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- From: "Simon St.Laurent" <firstname.lastname@example.org>
- To: email@example.com
- Date: Mon, 01 Nov 1999 19:59:50 -0500
At 07:35 PM 11/1/99 -0500, David Megginson wrote:
>Paul Prescod <firstname.lastname@example.org> writes:
>> Tim Bray wrote:
>> > Note "machine-readable" in the sentence above. At this point in history,
>> > it's the human-readable part of schemas that seem to me to have the
>> > biggest payoffs, because that's what the programmers read before they
>> > write the code that actually does something useful. -Tim
>> Any programmer that reads the prose but doesn't read the schema is bound
>> to make many avoidable assumptions and mistakes.
>Et vice-versa. The only reason that formal languages are less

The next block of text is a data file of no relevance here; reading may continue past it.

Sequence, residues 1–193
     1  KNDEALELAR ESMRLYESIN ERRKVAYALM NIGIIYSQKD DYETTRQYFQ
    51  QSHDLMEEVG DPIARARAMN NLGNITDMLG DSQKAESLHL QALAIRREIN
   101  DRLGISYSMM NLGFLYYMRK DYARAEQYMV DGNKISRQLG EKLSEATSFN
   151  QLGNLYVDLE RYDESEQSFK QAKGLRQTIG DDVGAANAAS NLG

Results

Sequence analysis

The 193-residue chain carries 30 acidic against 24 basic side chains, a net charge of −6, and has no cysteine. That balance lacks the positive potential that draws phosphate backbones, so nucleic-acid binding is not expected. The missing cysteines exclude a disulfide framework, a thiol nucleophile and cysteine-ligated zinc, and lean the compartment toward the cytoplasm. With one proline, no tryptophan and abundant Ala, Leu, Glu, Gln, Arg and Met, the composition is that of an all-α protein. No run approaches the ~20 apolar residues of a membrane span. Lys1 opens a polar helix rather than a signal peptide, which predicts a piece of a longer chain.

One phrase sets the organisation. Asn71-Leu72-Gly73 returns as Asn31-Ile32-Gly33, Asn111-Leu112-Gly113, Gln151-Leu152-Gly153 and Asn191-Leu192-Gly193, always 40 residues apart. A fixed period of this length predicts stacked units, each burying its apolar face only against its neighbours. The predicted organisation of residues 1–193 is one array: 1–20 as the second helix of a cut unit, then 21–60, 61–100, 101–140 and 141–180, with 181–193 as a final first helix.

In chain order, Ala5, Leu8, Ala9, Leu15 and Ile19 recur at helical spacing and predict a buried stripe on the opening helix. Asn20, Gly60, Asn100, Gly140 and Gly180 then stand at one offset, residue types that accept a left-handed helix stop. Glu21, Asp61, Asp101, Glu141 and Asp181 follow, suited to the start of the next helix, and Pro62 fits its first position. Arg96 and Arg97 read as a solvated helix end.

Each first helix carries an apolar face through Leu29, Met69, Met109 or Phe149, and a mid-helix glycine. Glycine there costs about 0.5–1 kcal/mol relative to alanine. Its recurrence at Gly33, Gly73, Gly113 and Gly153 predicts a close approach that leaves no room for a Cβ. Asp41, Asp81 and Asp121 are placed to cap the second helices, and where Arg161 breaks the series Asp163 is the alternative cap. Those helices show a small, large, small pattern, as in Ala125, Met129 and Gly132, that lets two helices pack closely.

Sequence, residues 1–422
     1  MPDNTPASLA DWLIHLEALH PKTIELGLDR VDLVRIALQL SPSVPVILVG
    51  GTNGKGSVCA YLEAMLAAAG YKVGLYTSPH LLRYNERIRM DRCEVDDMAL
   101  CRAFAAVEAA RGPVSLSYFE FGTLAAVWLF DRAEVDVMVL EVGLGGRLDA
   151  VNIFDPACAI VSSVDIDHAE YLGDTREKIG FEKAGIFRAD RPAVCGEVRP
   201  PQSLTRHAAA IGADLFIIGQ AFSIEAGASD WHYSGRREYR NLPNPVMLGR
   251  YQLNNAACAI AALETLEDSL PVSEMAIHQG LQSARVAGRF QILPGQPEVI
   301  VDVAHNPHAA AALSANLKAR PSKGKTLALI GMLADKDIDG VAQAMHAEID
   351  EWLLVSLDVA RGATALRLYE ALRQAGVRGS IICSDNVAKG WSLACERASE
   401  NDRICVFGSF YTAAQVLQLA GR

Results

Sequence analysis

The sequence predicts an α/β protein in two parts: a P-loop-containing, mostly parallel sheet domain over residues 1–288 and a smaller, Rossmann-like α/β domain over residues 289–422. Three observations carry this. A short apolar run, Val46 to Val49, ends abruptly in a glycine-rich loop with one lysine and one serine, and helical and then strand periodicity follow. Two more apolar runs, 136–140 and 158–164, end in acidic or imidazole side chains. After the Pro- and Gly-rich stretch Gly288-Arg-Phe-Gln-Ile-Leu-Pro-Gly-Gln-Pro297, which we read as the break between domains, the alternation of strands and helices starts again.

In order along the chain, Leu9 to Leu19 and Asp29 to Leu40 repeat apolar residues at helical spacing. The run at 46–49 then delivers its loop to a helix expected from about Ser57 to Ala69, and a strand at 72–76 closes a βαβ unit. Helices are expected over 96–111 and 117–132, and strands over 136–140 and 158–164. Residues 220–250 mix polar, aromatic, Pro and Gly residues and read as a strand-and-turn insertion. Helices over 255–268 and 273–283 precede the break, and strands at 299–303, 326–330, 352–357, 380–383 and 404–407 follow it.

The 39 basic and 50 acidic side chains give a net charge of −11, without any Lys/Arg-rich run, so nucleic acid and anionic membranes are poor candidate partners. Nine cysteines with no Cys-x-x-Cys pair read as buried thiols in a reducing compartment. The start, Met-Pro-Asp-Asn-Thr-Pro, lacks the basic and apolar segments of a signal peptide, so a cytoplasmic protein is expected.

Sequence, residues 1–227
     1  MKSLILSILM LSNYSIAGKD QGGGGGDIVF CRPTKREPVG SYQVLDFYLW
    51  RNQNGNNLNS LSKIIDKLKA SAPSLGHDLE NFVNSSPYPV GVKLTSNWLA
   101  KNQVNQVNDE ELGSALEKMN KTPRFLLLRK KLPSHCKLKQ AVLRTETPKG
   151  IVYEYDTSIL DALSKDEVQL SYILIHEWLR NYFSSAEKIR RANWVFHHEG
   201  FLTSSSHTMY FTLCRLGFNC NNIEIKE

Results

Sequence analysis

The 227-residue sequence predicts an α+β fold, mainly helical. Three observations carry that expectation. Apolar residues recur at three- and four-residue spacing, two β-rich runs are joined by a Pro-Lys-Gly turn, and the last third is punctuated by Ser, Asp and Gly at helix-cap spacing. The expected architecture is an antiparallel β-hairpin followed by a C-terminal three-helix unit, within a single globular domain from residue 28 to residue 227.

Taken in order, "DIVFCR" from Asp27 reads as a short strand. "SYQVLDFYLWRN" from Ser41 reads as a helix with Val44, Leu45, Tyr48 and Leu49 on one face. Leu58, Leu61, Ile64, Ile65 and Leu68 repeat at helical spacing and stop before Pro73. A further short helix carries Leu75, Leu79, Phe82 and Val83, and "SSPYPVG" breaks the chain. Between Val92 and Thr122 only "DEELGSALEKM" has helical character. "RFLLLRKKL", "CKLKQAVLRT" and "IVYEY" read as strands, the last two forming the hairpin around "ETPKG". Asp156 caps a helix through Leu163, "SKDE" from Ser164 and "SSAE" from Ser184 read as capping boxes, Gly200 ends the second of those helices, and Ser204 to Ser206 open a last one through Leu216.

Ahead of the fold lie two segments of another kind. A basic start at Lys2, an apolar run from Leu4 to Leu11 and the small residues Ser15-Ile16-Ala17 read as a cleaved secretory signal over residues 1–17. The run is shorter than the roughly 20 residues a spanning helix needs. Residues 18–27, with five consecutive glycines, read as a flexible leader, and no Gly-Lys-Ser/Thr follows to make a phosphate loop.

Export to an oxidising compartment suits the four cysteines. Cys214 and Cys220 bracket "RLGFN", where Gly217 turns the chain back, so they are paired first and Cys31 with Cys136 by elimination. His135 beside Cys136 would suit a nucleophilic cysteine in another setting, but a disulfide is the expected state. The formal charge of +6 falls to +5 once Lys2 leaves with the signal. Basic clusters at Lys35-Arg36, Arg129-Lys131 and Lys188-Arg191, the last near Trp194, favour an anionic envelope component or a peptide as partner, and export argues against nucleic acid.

>ambiguous than natural ones is that they're not capable of saying much
>in the first place.
That last bit is a beautiful statement that sums it all up, though the
pieces above it both have merit.
We need a standard way to get to all of that information, both machine- and
human- readable. Right now, all we have is a way to get a formal
description and a bunch of comments, if we're very lucky.
I'm strongly hoping that both the XML Schemas and XML Packaging efforts
give very high priority to human-readable documentation. I just finished
(yet another) XML book in which I felt every other sentence was "make sure
you document it for _people_, because if you don't, it's just more crap".
XML: A Primer, 2nd Ed.
Building XML Applications
Inside XML DTDs: Scientific and Technical
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